Included in the Kansas contingent on Monday were: Pierce, Drew Gooden, Nick Collison, Danny Manning, Aaron Miles, Brandon Rush, Mario Chalmers, Jeff Boschee, Eric Chenowith, Billy Thomas, Jeff Hawkins, Russell Robinson, Devon Dotson, Jeff Graves, Wayne Simien, Ryan Robertson, Ron Kellogg, Roger Morningstar, Niko Roberts, Tyler Self, Christian Moody, Matt Kleinmann and others.
Hey there, Dad
After losing his father, Bill Self Sr., in late January, Self has talked often about feeling his dad’s presence with him during the Jayhawks’ NCAA Tournament run.
In fact, Self said he estimated that he probably talked to his father more in the past couple months than he did during the past few months of his life.
“I don’t know if there’s anything specific,” Self said. “I know when we get in a bind (it’s), ‘All right, what do you think? What do we need to do here?’ Stuff like that.”
Self said the idea of playing for his dad, along with his mother, Margaret, who was able to attend every one of KU’s nine postseason games this season, made the run even more memorable.
“Everybody goes through stuff,” Self said. “And certainly my stuff isn’t bigger than anybody else’s. But I’ve probably taken more pride in this than I ever have before because I know exactly how much he would be enjoying this right now.”
Roy in the house
Former North Carolina and Kansas coach Roy Williams was in attendance at Monday’s title game.
Wearing the same Carolina blue, white and gray striped sweater that he wore to the Tar Heels’ Final Four win over Duke, Williams sat about eight rows behind the UNC bench.
He arrived at his seat about 55 minutes before tipoff and was immediately greeted by chats of “Roy! Roy! Roy!” from the Carolina student section nearby.
While in his seat, on the aisle next to his wife, Wanda, Williams welcomed a steady stream of visitors from fans and people requesting pictures to former players and old friends.
During a timeout midway through the first half, Williams received a large ovation from the 70,000 fans in attendance after he was shown on the giant video board.
No nerves now
After rolling to 32 wins to get to New Orleans, the Jayhawks looked as relaxed as they had all season once they were here.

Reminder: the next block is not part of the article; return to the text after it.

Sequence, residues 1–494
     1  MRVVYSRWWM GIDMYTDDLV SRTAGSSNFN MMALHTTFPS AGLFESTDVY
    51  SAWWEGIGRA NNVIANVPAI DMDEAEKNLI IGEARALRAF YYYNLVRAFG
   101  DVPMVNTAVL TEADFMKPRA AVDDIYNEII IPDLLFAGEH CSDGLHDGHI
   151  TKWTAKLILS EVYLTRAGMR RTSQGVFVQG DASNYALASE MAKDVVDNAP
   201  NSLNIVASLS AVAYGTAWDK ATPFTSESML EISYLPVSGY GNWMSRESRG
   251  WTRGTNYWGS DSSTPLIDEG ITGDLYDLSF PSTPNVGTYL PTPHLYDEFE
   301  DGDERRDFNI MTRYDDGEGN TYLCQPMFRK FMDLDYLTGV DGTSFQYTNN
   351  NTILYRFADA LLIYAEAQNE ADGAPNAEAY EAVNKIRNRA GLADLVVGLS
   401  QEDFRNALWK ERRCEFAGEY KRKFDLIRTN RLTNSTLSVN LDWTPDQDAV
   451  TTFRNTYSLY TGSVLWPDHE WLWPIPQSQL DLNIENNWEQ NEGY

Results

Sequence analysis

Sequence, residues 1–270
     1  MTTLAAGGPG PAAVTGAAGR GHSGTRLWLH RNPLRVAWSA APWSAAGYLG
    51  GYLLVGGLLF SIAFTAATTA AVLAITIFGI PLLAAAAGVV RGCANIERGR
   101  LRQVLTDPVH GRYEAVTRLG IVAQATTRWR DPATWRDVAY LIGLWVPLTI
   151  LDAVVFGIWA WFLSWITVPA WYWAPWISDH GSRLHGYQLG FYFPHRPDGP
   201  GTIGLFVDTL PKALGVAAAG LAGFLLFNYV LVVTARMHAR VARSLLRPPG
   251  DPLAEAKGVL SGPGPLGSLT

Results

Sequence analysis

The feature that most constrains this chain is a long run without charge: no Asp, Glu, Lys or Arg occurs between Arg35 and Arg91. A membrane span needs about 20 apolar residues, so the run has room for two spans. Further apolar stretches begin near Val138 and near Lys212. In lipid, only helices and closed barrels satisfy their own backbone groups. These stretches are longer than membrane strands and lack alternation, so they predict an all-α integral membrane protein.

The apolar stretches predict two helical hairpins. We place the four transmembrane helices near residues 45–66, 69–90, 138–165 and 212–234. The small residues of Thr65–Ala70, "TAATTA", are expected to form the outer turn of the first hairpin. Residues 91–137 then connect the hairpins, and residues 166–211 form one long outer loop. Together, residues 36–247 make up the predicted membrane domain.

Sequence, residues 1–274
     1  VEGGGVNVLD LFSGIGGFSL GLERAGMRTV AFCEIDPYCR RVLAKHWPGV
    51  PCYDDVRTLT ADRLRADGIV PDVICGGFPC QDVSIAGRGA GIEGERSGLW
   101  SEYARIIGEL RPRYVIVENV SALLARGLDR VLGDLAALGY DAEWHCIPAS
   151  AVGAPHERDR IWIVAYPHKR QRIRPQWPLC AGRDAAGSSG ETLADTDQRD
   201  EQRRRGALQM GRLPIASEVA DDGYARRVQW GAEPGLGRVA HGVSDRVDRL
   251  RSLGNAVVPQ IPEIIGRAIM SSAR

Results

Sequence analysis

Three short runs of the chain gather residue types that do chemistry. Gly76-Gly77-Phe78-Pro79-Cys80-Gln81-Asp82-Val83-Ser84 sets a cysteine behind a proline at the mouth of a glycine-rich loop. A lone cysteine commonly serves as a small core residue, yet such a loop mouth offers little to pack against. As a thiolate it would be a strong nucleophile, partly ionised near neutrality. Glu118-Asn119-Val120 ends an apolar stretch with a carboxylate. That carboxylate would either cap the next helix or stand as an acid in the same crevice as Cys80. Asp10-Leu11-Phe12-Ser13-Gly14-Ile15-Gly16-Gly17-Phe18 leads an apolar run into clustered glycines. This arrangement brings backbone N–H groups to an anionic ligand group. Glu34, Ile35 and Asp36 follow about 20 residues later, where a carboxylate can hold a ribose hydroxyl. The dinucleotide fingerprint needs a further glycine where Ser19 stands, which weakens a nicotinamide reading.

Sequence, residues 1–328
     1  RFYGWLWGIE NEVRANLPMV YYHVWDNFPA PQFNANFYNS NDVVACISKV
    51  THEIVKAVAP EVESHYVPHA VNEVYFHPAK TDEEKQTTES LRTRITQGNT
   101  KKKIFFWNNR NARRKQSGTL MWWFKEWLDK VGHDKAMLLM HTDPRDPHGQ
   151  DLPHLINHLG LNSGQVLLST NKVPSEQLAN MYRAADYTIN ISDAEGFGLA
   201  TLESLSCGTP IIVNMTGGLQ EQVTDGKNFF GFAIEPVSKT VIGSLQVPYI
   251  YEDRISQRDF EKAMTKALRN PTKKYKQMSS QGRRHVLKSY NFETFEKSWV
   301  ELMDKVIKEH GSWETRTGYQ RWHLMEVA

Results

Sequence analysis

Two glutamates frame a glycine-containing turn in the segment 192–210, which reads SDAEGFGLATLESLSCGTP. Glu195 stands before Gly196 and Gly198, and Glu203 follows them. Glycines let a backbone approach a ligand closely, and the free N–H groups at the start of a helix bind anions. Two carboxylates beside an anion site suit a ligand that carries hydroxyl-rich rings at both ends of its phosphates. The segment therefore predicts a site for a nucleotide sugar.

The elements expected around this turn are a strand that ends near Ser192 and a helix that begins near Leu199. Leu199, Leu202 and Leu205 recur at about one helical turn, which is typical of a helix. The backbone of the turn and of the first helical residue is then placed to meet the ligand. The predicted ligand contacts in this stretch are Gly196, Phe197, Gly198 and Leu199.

Their confidence played a big role in that calm and collected demeanor. But they also talked throughout the week and in the hours leading up to Monday’s title game about how much they appreciated the opportunity and were soaking it all in.
“Nerves haven’t really been too much of a part of it,” sophomore forward Jalen Wilson said. “I think every kid playing basketball (growing) up wants to be in this game, wants to play in front of 70,000 people with the highest stakes. It’s really special to be here.”
This and that…
KU’s victory on Monday night was its sixth national title and fourth NCAA Tournament championship. That ties the Jayhawks for the sixth most NCAA Tournament titles all-time behind UCLA (11), Kentucky (8), North Carolina (6), Duke (5) and Indiana (5). … KU is now 4-6 all-time in the NCAA Tournament national championship game. … KU’s 34 victories are the most in a single season since they won 35 games during the 2010-11 season. … The Jayhawks finished the season 12-1 in neutral site games. … The all-time series between KU and UNC is now tied at 6 wins apiece. KU owns a 5-2 edge over the Tar Heels in games played in the NCAA Tournament. … The Jayhawks are now 14-14 in NCAA Final Fours, which counts semifinals and national title games. … Kansas is now 45-13 all-time as a No. 1 seed in the tournament and 8-1 against No. 8 seeds. … KU’s record in NCAA Tournament games in New Orleans is now 5-5, including 1-2 in national title games at the Superdome.